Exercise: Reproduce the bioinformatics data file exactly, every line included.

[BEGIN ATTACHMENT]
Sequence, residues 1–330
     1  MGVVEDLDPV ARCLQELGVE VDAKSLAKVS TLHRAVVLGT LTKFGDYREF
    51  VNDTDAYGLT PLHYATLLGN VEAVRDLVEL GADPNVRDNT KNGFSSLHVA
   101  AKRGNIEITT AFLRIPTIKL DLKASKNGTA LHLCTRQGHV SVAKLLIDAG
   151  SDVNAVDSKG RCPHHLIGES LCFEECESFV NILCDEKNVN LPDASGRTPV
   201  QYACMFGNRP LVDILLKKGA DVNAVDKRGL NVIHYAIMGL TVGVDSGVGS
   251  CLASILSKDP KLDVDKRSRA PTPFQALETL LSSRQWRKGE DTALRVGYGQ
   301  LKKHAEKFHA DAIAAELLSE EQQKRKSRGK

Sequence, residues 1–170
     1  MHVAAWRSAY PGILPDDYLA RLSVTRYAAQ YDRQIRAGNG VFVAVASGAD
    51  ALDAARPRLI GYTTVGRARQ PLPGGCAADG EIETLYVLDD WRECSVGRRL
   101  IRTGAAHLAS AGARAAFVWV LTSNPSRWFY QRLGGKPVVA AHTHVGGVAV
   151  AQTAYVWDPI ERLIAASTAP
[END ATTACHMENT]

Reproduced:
Sequence, residues 1–330
     1  MGVVEDLDPV ARCLQELGVE VDAKSLAKVS TLHRAVVLGT LTKFGDYREF
    51  VNDTDAYGLT PLHYATLLGN VEAVRDLVEL GADPNVRDNT KNGFSSLHVA
   101  AKRGNIEITT AFLRIPTIKL DLKASKNGTA LHLCTRQGHV SVAKLLIDAG
   151  SDVNAVDSKG RCPHHLIGES LCFEECESFV NILCDEKNVN LPDASGRTPV
   201  QYACMFGNRP LVDILLKKGA DVNAVDKRGL NVIHYAIMGL TVGVDSGVGS
   251  CLASILSKDP KLDVDKRSRA PTPFQALETL LSSRQWRKGE DTALRVGYGQ
   301  LKKHAEKFHA DAIAAELLSE EQQKRKSRGK

Sequence, residues 1–170
     1  MHVAAWRSAY PGILPDDYLA RLSVTRYAAQ YDRQIRAGNG VFVAVASGAD
    51  ALDAARPRLI GYTTVGRARQ PLPGGCAADG EIETLYVLDD WRECSVGRRL
   101  IRTGAAHLAS AGARAAFVWV LTSNPSRWFY QRLGGKPVVA AHTHVGGVAV
   151  AQTAYVWDPI ERLIAASTAP